Blog Post

Wash Trading in the NFT Market

September 12, 2022

When non-fungible tokens (NFTs) were first introduced to the public in 2014, no one would have believed that the digital image of an ape could be worth well over a million dollars. However, as more mainstream attention turned towards digital assets in 2021, NFTs began to surge in popularity with their ability to represent an endless variety of objects: digital art, video game collectibles, music, etc.

Launched in April 2021 with a mint price of 0.08 ETH (~$236), the Bored Ape Yacht Club (BAYC) collection now contains pieces priced at 3 million dollars.

The boom of the NFT marketplace also creates opportunities for financial criminals and introduces risks such as wash trading. Wash trading occurs when the same person or entity sells and buys back a “substantially identical” asset, and it was a tactic commonly used among stock market manipulators before the 1930s to create a false sense of demand and drive up stock prices.

Although wash trading with traditional assets had been made illegal with the Commodity Exchange Act in 1936, the NFT market is still new and largely unregulated due to ongoing active debate over which asset class NFTs belong to.

Thus, wash trading NFTs might escape government scrutiny and become attractive for multiple reasons:

  • Price inflation: Trading the same token repeatedly between multiple wallets may artificially inflate the token’s transaction volume to drive up its price.
  • Money laundering: Criminals can move large sums of money between themselves under the cover of legitimate NFT transactions and volatile price changes of the crypto market.
  • Tax loss harvesting: NFTs can be sold and repurchased at a loss to exploit loopholes in taxation law, enabling traders to claim a tax loss without losing ownership.

The prevalence of wash trading currently poses a substantial threat to unsuspecting buyers in the NFT market. To tackle this issue and place more scrutiny on these financial criminals, AnChain.AI developed an algorithm to detect wash trading activity and calculate profits made by suspected wash traders.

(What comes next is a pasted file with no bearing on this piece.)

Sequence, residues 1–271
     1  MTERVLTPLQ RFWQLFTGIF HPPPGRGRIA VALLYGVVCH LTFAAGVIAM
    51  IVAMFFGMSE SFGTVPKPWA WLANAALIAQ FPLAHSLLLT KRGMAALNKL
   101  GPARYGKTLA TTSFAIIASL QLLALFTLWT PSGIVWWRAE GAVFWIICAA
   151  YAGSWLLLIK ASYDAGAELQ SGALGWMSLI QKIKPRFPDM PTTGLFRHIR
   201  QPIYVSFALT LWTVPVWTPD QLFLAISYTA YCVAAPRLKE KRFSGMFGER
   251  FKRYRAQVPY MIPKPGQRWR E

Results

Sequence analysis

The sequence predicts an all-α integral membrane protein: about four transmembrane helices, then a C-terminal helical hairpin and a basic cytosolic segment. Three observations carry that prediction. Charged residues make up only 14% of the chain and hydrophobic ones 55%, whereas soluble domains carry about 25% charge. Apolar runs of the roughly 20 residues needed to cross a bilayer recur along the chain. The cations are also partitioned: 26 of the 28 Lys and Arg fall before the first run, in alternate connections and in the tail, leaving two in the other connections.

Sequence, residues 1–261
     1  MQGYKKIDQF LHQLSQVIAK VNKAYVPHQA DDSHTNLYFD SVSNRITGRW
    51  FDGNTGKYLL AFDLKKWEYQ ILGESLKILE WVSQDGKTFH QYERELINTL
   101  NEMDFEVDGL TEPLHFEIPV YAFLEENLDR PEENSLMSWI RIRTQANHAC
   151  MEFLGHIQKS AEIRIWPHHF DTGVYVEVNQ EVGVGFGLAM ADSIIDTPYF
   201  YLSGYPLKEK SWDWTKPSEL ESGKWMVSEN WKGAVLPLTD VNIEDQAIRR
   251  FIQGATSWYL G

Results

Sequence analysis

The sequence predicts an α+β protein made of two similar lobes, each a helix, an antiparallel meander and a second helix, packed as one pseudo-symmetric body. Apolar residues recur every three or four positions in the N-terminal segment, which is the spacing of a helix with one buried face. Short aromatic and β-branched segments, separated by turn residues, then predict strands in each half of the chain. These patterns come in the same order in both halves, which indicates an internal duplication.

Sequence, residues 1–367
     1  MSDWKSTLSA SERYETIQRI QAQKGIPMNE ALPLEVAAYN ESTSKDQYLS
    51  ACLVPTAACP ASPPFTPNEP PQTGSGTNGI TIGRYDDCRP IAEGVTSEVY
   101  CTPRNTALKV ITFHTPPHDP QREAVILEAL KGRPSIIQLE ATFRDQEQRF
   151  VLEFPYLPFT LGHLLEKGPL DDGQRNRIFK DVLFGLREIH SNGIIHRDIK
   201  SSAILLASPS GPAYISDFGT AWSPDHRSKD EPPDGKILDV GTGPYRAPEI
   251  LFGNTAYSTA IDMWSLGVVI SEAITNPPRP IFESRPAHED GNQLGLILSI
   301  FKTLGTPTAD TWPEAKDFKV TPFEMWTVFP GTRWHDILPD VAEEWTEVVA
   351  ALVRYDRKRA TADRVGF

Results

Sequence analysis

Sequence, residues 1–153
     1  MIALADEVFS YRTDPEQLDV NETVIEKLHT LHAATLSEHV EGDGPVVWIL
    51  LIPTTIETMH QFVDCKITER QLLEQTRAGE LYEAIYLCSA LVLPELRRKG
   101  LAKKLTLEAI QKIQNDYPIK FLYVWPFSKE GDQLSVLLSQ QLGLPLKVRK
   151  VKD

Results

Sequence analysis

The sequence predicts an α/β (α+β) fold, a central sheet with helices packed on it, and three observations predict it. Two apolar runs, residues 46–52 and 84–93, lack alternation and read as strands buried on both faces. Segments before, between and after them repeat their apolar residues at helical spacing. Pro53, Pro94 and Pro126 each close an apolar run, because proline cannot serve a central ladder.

Detecting Wash Trades

The algorithm goes through a collection’s transaction history and flags transactions where a wallet buys back the same token they had sold less than 30 days prior. It then identifies suspicious intermediate transactions between when the wallet first sells the token and when it makes the repurchase. To better visualize the token’s ownership history, our algorithm creates two directed graphs for each token:

  • Token transfer graph displaying all transfers of a particular token including those where no money is exchanged
  • Token sale graph displays all sales of a particular token where the token was exchanged for money

Calculating Profit

The algorithm calculates profit made by wash traders in two different ways: price manipulation and sales:

  • Price manipulation profit: price of token exiting cycle – price of token entering cycle (how much the token’s price increased after the wash sale cycle)
  • Sales profit: token sale price starting cycle – previous token purchase price (how much the wash trader made from the original sale)

Both methods of calculation present a potentially important signal for risk categorization and predictive machine learning analytics.

Price Transaction History for Art Blocks ID 78000189

After running the algorithm to produce the graphic above and examining the price transaction history for Art Blocks Token 78000189, we found that the wallet KeyBoardMonkeyVault (address 0xe1d29d0a39962a9a8d2a297ebe82e166f8b8ec18) bought the token for $57K before the wash sale cycle and sold it for $471K 8 days later after the cycle, making a price manipulation profit of $413K. This represents one of the most substantial price manipulation profits made by a wallet among all 7 collections that we inspected.

Running the algorithm on the BAYC collection history––containing transactions on OpenSea from launching till June 2022––yields that around 0.275% of transactions, 0.414% of tokens, and 0.265% of wallets contain wash trading activity. Furthermore, the suspected wash trading wallets made a total price manipulation profit of $755K and a sales profit of $651K (detailed below).

Wash Sale Stats for BAYC:

Profit Stats for BAYC:

Furthering our analysis to contain data from 7 popular NFT collections (Art Blocks, Azuki, BAYC, Decentraland, Doodles, Mutant Ape Yacht Club, Otherdeed), we found that an average of 0.14% of transactions, 0.11% of wallets, and 0.16% of tokens are suspected to contain with wash trade activity. These wash trades generate an overall price manipulation and sales profit of $930K and $1.1M.

The large amounts of money being made by the suspicious wallets again underline how wash trading threatens the integrity of the NFT market. AnChain.AI’s algorithm offers a solution, designed to alert unsuspecting buyers of wash trading activity among certain tokens and wallets and is aligned with our goal to improve security in the web3 industry.